We Say: On his major-label debut, Baton Rouge rapper Kevin Gates is not afraid to be as flashy, daring and intense as he was on the five acclaimed mixtapes he's released since 2013. He's a rapper's rapper, a lyrical Evel Knievel without any desire for a cloying pop crossover; it should be mentioned that he works with no guest appearance safety nets, save one track on the deluxe edition – ultimately resulting in a cohesive, satisfying, fat-free full-length. His prowess is evident not only in his dizzying lines ("Relationship flaking, no eczema/She catching feelings, she say we inseparable/Oyster Perpetual, it's not a replica"), but in the way his melodic flow glides so naturally, to a point where lyrics can have the sing-song feel of a hook, and a sung chorus can have the swagger of a rap. 

Learn More: Watch Kevin Gates Talk Writing Process: Why Are You Trying to Dissect It?

Best albums of 2016 Drake - Views

Drake, ‘Views’

We Say: The best thing you can say about Drake on Views is the worst thing, too: He's a lightweight. That description suits his breathtaking nimbleness in switching between flows, intonations and genres; his fleet-footedness adapting to, and jettisoning, passing trends; his ear for killer stripped-down beats and his stunning economy when crafting hooks – singing irresistibly wounded melodies, finding unlikely musicality in barked refrains about woes and Jumpmen.

Learn More: Drake's Views: Everything You Need to Know

Best albums of 2016 The 1975,' I Like It When You Sleep, for You Are So Beautiful Yet So Unaware of It'

The 1975, ‘I Like It When You Sleep, for You Are So Beautiful Yet So Unaware of It’

We Say: This ascendant U.K. quartet ground their second album in sleek dance rock that often feels like it was sculpted on a gaudy Eighties budget as the bandmates tried hard not to get too sweaty in their aqua-neon sport jackets. No shame in that – and they do it well, filtering in elements of spacy ambience (with echoes of acts from My Bloody Valentine to M83), Jacksonian R&B and arty dance pop…. "Love Me" funkily recalls Nile Rodgers' splashiest Duran productions; "A Change of Heart" is the John Hughes soundtrack ballad moment.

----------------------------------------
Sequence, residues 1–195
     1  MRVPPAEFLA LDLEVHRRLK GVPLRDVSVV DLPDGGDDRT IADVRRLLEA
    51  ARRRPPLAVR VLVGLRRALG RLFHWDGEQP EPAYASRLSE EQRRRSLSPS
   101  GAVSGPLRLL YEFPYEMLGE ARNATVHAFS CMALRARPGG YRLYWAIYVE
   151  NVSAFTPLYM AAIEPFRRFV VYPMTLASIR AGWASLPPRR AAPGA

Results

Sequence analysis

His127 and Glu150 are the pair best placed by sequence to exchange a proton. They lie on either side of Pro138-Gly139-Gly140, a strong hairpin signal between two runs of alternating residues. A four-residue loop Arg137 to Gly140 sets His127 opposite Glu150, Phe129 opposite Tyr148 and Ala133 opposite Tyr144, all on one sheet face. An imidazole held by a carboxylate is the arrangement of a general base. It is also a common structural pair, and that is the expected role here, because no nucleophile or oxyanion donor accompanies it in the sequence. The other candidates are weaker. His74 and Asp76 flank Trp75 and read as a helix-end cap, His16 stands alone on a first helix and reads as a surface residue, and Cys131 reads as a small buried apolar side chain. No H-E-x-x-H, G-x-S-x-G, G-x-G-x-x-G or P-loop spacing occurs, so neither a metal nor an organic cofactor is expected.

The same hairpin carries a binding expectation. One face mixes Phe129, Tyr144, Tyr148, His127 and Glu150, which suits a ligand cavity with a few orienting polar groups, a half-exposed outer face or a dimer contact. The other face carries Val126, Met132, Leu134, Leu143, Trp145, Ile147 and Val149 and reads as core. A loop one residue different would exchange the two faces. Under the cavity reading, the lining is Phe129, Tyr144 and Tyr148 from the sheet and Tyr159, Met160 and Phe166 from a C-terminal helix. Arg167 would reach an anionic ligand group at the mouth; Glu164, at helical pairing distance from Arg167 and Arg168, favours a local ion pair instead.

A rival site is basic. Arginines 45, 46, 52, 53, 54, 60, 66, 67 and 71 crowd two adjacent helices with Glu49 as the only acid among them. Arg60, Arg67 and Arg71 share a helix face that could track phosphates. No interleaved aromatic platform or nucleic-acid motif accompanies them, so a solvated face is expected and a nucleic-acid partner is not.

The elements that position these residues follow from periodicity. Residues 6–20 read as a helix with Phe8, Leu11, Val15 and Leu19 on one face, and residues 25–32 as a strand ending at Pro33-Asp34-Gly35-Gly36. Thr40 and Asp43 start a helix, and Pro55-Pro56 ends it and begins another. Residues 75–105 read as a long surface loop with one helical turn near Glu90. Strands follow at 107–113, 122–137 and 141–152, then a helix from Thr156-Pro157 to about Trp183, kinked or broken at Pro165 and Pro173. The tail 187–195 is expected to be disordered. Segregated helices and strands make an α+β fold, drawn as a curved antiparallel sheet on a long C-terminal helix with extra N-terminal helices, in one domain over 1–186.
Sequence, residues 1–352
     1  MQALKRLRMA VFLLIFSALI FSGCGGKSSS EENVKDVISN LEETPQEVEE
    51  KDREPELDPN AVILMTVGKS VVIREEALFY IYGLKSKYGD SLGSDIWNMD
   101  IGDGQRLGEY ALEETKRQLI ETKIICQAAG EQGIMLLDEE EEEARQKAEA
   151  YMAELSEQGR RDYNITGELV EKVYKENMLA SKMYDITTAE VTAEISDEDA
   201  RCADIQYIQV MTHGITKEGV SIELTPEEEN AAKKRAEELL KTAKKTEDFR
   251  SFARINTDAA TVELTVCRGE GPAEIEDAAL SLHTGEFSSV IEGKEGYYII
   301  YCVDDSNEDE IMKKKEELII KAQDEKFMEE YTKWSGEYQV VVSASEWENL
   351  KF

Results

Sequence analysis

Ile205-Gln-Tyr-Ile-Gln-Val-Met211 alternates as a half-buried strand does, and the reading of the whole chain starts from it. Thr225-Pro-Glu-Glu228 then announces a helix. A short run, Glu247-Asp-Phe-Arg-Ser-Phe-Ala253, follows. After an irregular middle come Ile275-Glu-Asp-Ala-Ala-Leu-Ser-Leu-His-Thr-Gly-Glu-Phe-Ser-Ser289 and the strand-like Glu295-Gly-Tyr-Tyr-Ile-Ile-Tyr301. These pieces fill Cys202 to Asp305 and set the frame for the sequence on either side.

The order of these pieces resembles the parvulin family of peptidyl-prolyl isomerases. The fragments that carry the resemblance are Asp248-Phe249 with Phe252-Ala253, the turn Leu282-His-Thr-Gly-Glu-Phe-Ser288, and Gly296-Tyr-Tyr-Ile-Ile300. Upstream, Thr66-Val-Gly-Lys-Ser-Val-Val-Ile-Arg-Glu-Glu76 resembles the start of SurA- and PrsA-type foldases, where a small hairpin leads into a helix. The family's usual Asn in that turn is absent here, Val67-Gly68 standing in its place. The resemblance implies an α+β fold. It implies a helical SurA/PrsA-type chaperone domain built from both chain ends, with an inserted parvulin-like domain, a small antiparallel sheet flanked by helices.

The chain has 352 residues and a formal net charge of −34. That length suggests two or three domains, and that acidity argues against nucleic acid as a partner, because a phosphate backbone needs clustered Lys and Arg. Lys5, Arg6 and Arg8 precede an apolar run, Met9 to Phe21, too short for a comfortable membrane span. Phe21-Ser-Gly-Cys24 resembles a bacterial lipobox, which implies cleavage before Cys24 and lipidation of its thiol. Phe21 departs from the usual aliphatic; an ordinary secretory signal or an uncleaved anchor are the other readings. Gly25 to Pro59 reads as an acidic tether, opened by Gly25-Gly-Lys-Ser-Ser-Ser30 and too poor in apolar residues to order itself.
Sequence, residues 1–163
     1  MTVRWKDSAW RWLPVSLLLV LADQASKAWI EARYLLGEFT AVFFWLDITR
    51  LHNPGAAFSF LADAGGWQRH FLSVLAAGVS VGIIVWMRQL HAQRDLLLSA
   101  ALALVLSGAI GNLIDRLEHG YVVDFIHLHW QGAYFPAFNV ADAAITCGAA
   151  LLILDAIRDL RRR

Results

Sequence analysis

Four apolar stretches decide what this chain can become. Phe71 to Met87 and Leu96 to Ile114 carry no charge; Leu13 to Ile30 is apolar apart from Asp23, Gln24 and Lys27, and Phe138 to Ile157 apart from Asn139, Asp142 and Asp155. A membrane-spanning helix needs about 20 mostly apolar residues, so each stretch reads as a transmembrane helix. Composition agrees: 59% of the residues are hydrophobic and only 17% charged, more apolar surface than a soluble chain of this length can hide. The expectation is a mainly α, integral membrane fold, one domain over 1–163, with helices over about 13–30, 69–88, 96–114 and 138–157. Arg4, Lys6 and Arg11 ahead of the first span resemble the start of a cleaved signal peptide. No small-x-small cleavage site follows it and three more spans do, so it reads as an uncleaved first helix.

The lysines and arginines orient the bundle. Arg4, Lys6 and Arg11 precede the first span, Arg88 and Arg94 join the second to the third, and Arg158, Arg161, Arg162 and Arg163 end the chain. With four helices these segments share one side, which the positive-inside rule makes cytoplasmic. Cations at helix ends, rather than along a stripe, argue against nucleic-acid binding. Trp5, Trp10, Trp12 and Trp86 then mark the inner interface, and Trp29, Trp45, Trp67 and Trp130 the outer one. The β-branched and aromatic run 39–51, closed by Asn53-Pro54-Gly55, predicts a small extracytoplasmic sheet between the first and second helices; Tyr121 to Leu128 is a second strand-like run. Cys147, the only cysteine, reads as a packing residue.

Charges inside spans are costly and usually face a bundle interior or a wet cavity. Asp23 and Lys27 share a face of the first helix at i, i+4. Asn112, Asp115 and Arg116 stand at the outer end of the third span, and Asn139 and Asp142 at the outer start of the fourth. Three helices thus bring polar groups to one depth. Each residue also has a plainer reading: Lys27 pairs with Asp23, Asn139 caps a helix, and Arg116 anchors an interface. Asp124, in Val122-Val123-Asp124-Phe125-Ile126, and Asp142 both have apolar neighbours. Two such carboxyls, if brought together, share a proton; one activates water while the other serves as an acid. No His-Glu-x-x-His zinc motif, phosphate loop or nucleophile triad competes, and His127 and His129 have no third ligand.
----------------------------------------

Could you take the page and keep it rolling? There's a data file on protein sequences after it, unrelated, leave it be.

Learn More: The 1975 on Channeling Personal Issues Into Chart-Topping Rock

Best albums of 2016 Tegan and Sara, Love You to Death

Tegan and Sara, ‘Love You to Death’

We Say: Their latest continues a transformation into full-on dance-pop that began with their last LP, 2013's excellent Heartthrob, and its euphorically horny hit "Closer." Once again Tegan and Sara are collaborating with co-writer Greg Kurstin, best known for his work with Adele, Pink and Kelly Clarkson. He helps them create big, splashy songs that thrive on intricate intimacies – tangled love, barbed honesty, hard-won empowerment – with lyrics implying not only romance but friendship, familial bonds and artistic partnership as well. "Boyfriend" has a track that recalls Madonna's first album and bizarre-love-triangle lyrics that evoke New Order; "White Knuckles" builds from pensive pianos and a dolefully rumbling beat into a cloud-riding chorus as they sing about "love twisted up like a chain or a nail" and "excuses for the bruises we wear." 

Learn More: Tegan and Sara Scale Back on Dancey New LP

Best albums of 2016 Fifth Harmony, 7/27

Fifth Harmony, ‘7/27’

We Say: The beats are mostly booming or bouncy and the swagger is all over the place. There's nothing here as good as 2014's "Bo$$," but "That's My Girl" bites its honking horns just fine and delivers a booming addendum to its empowering message: "Destiny said it, you got to get up and get it/Get mad independent, don't you ever forget it." The second Fifth Harmony LP isn't a massive step forward, but with a constant bombardment of hooks, high energy and incredible harmony there's not much time to catch your breath to compare.

Learn More: Watch Fifth Harmony, Ty Dolla $ign 'Work From Home' in New Video

Best albums of 2016 Death Grips, Bottomless Pit

Death Grips, ‘Bottomless Pit’

We Say: On what might be their ugliest release, the elusive noise-rap crew explodes with rhythms that hearken back to the crossover punk and thrash metal of mid-Eighties California. But texturally and lyrically, Bottomless Pit is boiling with the digital chaos, paranoia and tension of Internet-era info overload: "All I do is lose my form, I'm warping."

Best albums of 2016 Kaitlyn Aurelia Smith, Ears

Kaitlyn Aurelia Smith, ‘Ears’

We Say: Aurelia Smith makes electronic music utilizing the rare, modular Buchla Music Easel synthesizer, expertly wedding its blipping arpeggios to her processed voice. A former acoustic guitarist from the isolated Orcas Island in the Pacific Northwest, Smith made "cinematic folk" with touches of Segovia, Ravel and Debussy before going electronic. Smith's classical acumen remains intact on Ears, a wholly immersive, mesmeric listen. 

Learn More: 10 New Artists You Need to Know: March 2016: Kaitlyn Aurelia Smith